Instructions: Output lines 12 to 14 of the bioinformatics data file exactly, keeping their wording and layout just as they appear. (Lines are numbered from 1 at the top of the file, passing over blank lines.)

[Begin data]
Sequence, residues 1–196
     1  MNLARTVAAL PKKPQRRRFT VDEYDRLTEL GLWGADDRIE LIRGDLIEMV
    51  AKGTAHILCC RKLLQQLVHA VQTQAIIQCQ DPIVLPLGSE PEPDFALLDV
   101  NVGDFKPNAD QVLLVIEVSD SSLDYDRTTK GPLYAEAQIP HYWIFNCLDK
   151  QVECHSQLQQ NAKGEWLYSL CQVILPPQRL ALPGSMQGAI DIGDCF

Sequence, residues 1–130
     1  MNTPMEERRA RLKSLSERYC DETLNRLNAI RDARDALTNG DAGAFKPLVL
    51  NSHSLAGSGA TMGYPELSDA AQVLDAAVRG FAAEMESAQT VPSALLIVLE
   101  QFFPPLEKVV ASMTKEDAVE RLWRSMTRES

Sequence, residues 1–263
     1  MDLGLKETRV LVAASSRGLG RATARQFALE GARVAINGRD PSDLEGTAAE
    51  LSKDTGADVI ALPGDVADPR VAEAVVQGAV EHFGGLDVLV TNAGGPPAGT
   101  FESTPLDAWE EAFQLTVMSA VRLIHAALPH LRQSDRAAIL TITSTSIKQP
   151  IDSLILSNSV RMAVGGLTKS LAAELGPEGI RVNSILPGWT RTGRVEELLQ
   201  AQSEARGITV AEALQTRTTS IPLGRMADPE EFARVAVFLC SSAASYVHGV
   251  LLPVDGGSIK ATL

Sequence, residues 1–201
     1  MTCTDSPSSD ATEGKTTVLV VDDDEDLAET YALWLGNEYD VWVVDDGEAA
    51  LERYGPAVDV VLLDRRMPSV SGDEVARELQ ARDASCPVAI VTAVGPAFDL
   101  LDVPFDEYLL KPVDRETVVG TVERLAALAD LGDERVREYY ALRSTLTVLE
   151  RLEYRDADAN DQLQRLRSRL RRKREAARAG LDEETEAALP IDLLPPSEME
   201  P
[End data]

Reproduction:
    51  LSKDTGADVI ALPGDVADPR VAEAVVQGAV EHFGGLDVLV TNAGGPPAGT
   101  FESTPLDAWE EAFQLTVMSA VRLIHAALPH LRQSDRAAIL TITSTSIKQP
   151  IDSLILSNSV RMAVGGLTKS LAAELGPEGI RVNSILPGWT RTGRVEELLQ